Editor Interviews

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Read all the editors' answers to Duotrope's interview question: What do submitters most often get wrong about your submissions process? Learn more.

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Here is a small sampling from our recent Editor Interviews. We have interviewed over 1,650 editors.

Q: What do submitters most often get wrong about your submissions process?

A: They send attachments instead of pasting the poem directly in the e-mail submission.

A: Submitters might send us work that's longer than what we publish or they might not be students.

A: We receive countless submissions riddles with misspelled words, missing capitalization, missing punctuation, and more. We also receive queries daily on topics we are not interested in. For example, why would a publication for writers and authors be interested in articles on dog warts, high cholesterol in squirrel meat, and the growing number of STDs in the senior population?

A: We are not interested in survey-type articles, nor in articles that lack interdisciplinary insights. We do not accept articles on the history of ideas unless they are anchored in literary study.

A: Although we have published fiction, primarily we publish poetry. Moreover, we're rather highbrow and contemporary and consequently not especially interested in essays, light verse, or religious verse.

A: Many submitters want to know why their submission was rejected. In other words, they don't realize that rejected submissions have usually not been read analytically, the way a writing teacher reads and student's work. In fact, most of the time the rejected submission hasn't even been read to the end.

Vivian Dorsel, Editor/Publisher of upstreet, 24 April 2019

A: They submit stuff that doesn't fit my basic guidelines, like sending traditional poems with line breaks.

Dominic Caruso, Publisher of is this up, 23 April 2019

A: Writers think we are kidding around when we say we get a lot of submissions. It's true. Just be patient and you will eventually hear from us if you've received an acceptance or if we'd like to invite you to resubmit. If you don't hear back it is because of high volume, but we wish you only the best (unless you sent us one of our off limits submissions...then meh).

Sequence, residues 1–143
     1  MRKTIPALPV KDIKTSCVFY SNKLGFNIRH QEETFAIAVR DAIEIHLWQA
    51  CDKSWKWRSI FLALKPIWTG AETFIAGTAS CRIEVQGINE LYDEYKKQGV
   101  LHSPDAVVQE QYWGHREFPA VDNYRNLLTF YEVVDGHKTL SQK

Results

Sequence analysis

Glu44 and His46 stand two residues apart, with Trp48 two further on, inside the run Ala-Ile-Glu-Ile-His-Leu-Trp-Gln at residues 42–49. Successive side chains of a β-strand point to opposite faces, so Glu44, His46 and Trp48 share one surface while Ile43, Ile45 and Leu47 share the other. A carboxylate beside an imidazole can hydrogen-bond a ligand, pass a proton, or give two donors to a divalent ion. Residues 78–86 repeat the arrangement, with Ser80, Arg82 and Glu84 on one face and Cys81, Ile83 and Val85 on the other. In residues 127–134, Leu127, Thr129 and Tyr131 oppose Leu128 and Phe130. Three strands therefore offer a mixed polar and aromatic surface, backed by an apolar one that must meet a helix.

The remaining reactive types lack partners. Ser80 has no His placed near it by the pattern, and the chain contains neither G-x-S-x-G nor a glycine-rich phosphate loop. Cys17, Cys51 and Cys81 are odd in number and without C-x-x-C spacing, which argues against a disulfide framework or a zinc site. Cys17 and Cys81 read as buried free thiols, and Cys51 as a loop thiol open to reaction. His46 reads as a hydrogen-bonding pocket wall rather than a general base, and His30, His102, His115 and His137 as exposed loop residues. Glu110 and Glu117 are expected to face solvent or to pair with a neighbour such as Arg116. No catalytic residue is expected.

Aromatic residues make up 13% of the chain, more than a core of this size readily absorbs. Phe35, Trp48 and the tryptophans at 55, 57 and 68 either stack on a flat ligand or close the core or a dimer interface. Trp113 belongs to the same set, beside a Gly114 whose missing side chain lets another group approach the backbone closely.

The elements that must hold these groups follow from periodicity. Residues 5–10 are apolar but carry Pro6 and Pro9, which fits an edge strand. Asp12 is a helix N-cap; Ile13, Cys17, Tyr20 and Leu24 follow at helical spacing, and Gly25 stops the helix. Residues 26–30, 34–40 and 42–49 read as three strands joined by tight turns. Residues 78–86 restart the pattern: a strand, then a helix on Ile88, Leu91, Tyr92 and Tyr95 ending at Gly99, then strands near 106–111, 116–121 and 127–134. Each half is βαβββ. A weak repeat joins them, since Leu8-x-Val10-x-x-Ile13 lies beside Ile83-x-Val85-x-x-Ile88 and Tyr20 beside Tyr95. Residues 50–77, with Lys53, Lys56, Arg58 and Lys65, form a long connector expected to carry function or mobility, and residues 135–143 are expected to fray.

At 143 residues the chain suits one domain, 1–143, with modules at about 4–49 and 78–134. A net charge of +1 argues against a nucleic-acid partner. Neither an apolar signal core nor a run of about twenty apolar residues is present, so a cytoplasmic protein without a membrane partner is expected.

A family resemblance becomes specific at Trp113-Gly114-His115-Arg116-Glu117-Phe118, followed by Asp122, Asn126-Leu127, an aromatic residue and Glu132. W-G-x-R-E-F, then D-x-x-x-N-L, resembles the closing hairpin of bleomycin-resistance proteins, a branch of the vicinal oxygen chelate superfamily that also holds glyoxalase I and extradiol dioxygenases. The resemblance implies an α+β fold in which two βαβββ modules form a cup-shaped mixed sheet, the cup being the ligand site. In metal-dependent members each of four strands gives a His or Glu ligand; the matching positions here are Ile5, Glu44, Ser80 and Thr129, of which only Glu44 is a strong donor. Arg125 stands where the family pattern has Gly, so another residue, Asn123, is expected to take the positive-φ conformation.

Mauve Perle Tahat, Executive Editor, Founder of TERSE. Journal, 09 April 2019

A: They submit without understanding our purpose and taste as editors. We are not a journal which publishes new original research on Paradise Lost, for example.

Peg Boyers, Executive Editor of Salmagundi, 26 March 2019

A: Improper format. We still get a lot of submissions which are not in standard manuscript format (Shunn format). If the writer can't be bothered to submit in a professional manner, it's very unlikely that it will receive the consideration which the story might otherwise deserve.
We also get frequent submissions from writers who haven't done their research. If you don't know how to saddle a horse, please don't describe your character attempting it. Know how far it was possible to travel and how long it would take. Understand what clothing, weapons and food were in use in the time and place you write about.

A: They just fail to look at our theme and send us things that have nothing to do with it.

A: They don't follow the submission requirements.
For instance, VitaminZZZ doesn't publish credit lines, it includes brief background info that potential contributors provide which links them personally to sleep in some way. This is to create a kind of intimacy between them and VitaminZZZ's readers that a string of credits can't achieve.
I have had to let go of previously accepted work when the writers did not provide this specific kind of "sleep bio" because they didn't think it was important. Yes, it's very important, it's part of the contract as it's also an integral part of the page design in VitaminZZZ .
If writers want to be part of the VitaminZZZ family, they really need to participate in this way. It's not hard, it takes about 5 minutes, and their "sleep bio" should portray a genuine sense that they care about sleep, about their loved ones' sleep, their readers' sleep, that they aren't just sending in work hoping to acquire yet another byline/credit.

Tamara Sellman RPSGT CCSH, Editor, curator, producer of Vitamin ZZZ, 16 March 2019